SOURCE: Bruce Boyers Marketing Services

February 24, 2009 14:42 ET

Defrag: When "Free" Isn't Free

BURBANK, CA--(Marketwire - February 24, 2009) - When something is advertised as "free," you obviously have to look carefully to make sure it really is. There are many examples of freeware that really are free, work well and have no strings attached, such as file compression, MP3 converters and others. There are others that are actually trialware that have time and functional limitations on them and can't really be considered free. And yet others that are simply sneaky ways to get onto a computer and rob data, deluge the user with advertisements or plant viruses.

There is yet another example, however, that is rather unique: the built-in defrag utility that ships free with Windows. On the surface, this seems like a great solution and one that would save money for the IT budget. Why buy a defragmenter when there is one included with the operating system?

However, many sites have discovered just how "free" it isn't. First and foremost it requires scheduling, and a schedule must be separately set for each disk the defragmenter is to run on. There are numerous problems with scheduling. Primarily, many systems today must remain constantly up and running, and nailing down a schedule for a defragmenter to run when users or processes won't be impacted isn't an option. Also, in between runs that can be scheduled, fragmentation continues to build and impact performance and reliability.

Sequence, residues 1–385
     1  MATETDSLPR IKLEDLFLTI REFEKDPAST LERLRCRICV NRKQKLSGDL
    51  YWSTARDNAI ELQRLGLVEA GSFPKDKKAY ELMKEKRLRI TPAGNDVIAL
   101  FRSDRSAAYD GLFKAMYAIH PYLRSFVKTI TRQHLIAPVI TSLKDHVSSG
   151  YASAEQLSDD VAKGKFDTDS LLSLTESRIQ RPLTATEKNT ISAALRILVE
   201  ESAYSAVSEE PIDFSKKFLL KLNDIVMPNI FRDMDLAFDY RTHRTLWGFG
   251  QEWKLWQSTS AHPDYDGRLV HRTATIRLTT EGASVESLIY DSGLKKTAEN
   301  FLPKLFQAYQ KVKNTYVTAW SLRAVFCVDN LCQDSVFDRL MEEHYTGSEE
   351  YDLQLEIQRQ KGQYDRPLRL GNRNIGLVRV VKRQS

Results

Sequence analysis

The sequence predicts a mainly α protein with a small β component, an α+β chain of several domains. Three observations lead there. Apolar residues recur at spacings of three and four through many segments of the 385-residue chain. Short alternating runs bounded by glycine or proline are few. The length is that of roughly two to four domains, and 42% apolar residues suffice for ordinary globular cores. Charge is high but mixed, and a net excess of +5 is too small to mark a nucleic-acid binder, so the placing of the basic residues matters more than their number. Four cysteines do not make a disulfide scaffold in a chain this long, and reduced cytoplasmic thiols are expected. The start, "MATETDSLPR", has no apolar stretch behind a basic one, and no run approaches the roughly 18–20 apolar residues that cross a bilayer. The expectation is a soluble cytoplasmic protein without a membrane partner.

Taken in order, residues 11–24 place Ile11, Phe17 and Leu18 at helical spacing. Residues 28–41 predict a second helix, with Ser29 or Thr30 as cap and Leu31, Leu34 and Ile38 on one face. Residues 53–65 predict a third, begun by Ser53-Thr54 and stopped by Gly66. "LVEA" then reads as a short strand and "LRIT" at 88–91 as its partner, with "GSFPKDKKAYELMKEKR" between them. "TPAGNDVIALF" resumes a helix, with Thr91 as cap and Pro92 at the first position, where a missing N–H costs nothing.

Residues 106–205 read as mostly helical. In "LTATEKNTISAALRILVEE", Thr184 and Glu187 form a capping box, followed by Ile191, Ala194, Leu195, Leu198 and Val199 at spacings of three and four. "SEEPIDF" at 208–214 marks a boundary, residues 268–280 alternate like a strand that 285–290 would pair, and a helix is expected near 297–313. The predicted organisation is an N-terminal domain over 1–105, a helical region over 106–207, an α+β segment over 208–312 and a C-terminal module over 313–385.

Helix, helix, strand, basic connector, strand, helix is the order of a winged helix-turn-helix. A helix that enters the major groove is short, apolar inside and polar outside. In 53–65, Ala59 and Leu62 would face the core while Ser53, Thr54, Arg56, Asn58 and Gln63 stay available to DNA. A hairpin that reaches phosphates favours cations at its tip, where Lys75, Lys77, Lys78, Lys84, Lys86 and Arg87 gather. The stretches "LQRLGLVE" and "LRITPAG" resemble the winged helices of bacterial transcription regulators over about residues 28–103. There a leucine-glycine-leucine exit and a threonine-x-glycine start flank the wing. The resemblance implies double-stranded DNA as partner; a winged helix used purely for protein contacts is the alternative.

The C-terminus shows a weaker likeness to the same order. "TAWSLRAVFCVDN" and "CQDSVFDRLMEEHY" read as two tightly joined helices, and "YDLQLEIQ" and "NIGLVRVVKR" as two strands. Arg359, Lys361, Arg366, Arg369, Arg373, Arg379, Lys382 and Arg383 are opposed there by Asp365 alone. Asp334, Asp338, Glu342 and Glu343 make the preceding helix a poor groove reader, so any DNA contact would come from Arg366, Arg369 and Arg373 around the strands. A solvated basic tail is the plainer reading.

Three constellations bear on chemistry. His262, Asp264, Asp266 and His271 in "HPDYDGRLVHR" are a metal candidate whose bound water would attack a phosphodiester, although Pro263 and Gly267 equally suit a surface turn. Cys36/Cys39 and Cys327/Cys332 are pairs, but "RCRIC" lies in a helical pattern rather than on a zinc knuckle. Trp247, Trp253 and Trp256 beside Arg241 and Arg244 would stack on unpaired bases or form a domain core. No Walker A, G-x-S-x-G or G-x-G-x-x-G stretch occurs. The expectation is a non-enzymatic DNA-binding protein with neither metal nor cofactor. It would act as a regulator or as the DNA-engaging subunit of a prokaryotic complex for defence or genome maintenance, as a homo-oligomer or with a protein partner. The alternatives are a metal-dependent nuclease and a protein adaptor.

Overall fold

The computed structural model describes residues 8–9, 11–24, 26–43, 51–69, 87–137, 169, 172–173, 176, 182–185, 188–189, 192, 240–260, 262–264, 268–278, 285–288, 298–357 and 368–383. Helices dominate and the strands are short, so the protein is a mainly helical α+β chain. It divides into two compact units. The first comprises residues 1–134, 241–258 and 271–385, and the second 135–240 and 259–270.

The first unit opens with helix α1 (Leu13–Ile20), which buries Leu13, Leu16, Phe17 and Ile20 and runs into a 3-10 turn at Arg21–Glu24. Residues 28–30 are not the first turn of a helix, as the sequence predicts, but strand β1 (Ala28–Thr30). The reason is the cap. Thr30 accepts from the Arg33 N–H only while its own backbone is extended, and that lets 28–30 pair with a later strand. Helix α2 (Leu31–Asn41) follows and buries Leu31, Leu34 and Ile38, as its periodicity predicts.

Second, like many of the "free" offers out there, it has severe functionality limitations. Only one volume can be analyzed or defragmented at a time and only one instance can be run. Only local volumes can be defragmented and network volumes are not supported. The GUI does not display a map of disk defragmentation or progress. There are also numerous other restrictions which any user should investigate before giving the "free" defragmenter serious consideration.

It is evident that this option isn't actually free. It costs in precious IT man-hours in figuring out schedules or running manually. Because of its functionality limitations, the system administrator or user never knows if defragmentation has occurred or not. And because it is not doing a thorough job of defragmentation, performance and reliability issues persist -- probably the costliest of problems presented by this utility.

The only true defrag solution today is one that does not require scheduling and defragments consistently in the background. Because only idle system resources are used, there is never a negative impact on users. Such a solution means that IT can remove their attention from the defrag chore at the moment this solution is installed. Quite a far cry from the "free" solution that doesn't actually solve any of these problems.

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